Can Parent PLUS Loans Be Refinanced In Your Kid’s Name?
- January 9, 2017
- Posted by: Jeff Gitlen
- Category: Student Loans
Finding the funds to send your kids to school can be a challenge, especially since the money you and your spouse make every year counts against your child’s eligibility for federal financial aid. A Parent PLUS loan is a federal student loan option that allows parents to assume the debt required for their child to complete their education. You and your spouse will have to have good credit to qualify, but if your high income disqualifies your son or daughter from being able to take on the debt themselves, it may be your only option.
PLUS loans have a higher interest rate than loans that the student would take out in their own names. The interest rates are set by the Department of Education and are set for the lifetime of the loan. If you’ve taken out a Parent PLUS loan and are now paying a high interest rate, you may be able to refinance the loan for better terms.
There are situations where it’s possible to refinance a Parent PLUS loan out of your name and into your son or daughter’s name. This isn’t something that every family will be able to do, but luckily there are other possible avenues for saving money and paying off a PLUS loan faster.
It’s a common myth that PLUS loans cannot be refinanced into your student’s name, but that is not necessarily the case! PLUS loans are treated separately from the other loans that a student is able to qualify for after filling out the federal financial aid request paperwork. Students will not be able to consolidate a PLUS loan into their other loans after graduation. Your kid is not required to make any payments at all on the student loan. There is no way that you can refinance through the Department of Education and transfer the balance of a PLUS loan from your name to your child’s.
However, students who have graduated and had a chance to build credit can still assume the debt by using a private loan to cover the balance of the federal loan. As long as they can qualify for a private loan from another institution, they can give you the money to pay off the balance of the PLUS loan, and begin making regular payments to the new loan account.
Use caution when considering whether or not you should refinance a parent PLUS loan into your child’s name. If your child is the statistical average in this country, they have other loans that they will already find challenging to pay back. Unless your son or daughter has a highly specialized degree or a high level of flexibility to move around the country, they may have difficulty finding a job that pays them enough to stand on their own two financial feet. If your purpose in borrowing the money was to help him or her get a good start in their adult life, you don’t want to pass it to them before they are able to manage it.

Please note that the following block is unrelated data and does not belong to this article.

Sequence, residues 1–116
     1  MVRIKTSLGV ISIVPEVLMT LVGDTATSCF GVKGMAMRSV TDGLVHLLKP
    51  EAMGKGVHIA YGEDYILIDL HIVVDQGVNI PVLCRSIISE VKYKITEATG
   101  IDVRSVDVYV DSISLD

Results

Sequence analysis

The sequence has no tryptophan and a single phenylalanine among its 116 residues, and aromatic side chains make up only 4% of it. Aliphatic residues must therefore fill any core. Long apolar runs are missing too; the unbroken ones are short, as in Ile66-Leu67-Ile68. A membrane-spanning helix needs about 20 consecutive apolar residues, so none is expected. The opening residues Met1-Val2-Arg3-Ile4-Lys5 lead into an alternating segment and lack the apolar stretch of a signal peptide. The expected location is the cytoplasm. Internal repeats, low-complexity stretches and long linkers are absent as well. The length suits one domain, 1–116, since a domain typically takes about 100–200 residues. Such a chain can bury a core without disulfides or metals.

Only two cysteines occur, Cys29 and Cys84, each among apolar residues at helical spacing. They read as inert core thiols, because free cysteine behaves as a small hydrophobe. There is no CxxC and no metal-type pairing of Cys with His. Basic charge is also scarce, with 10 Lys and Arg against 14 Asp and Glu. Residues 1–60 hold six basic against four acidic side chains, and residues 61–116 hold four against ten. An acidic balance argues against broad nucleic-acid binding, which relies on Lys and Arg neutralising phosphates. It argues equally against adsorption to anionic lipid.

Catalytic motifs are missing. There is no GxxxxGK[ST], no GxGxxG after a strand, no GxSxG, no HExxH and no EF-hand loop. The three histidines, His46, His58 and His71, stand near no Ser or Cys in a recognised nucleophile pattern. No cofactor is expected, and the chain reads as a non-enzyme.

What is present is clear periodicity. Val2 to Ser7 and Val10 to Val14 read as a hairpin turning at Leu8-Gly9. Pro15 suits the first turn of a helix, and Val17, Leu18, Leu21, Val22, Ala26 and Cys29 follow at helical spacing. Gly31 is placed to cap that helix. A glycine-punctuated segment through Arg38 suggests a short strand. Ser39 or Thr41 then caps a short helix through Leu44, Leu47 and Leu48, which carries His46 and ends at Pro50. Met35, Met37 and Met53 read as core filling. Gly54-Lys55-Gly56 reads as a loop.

Although many of your local financial institutions might offer programs like this, you could apply for a private loan online for an even faster solution. Online loan applications also give you the ability to shop around for the best rates possible without having to make a ton of phone calls or drive all over town. Refinancing your parent PLUS debt into your child’s name is a great way to pass along debt that your son or daughter is now able to pay for on their own.
Some parent who work in public service can qualify to have Parent PLUS loans forgiven, for example, a teacher at a public high school. Although the majority of student loan borrowers are not eligible for forgiveness, it’s worth researching whether or not you qualify.
PLUS loans are given through the federal government, so they offer a range of payment options for the flexibility required of the unique needs of borrowers. An income-contingent repayment plan will cap the payment at a certain percentage of the money you make. This option allows you to pay more when you have more income, and less when financial hardship happens.
If your child is not quite ready to make their own payments or qualify for a private loan, you could still decide to be a co-signer to the private loan and refinance the loan together. Although you will still be responsible for the debt owed, qualifying for a lower interest rate can save a significant amount of money. Paying off a private loan is a good way to build credit history as well, which makes this a financial arrangement that continues to benefit your children.
Becoming a co-signer to a private loan in your child’s name has it’s benefits, but they are more expensive than you may think. If you were to refinance the Parent PLUS loan by yourself, you are likely to qualify for an even lower interest rate that if you become a co-signer. If saving money is the most important part of refinancing your PLUS loan, then refinancing it in your name is perhaps the best option.
With any change from a federal loan to private loan, borrowers lose some of the protections in place on these loans. For a lower interest rate and with proper planning, this may still be the best choice for your family.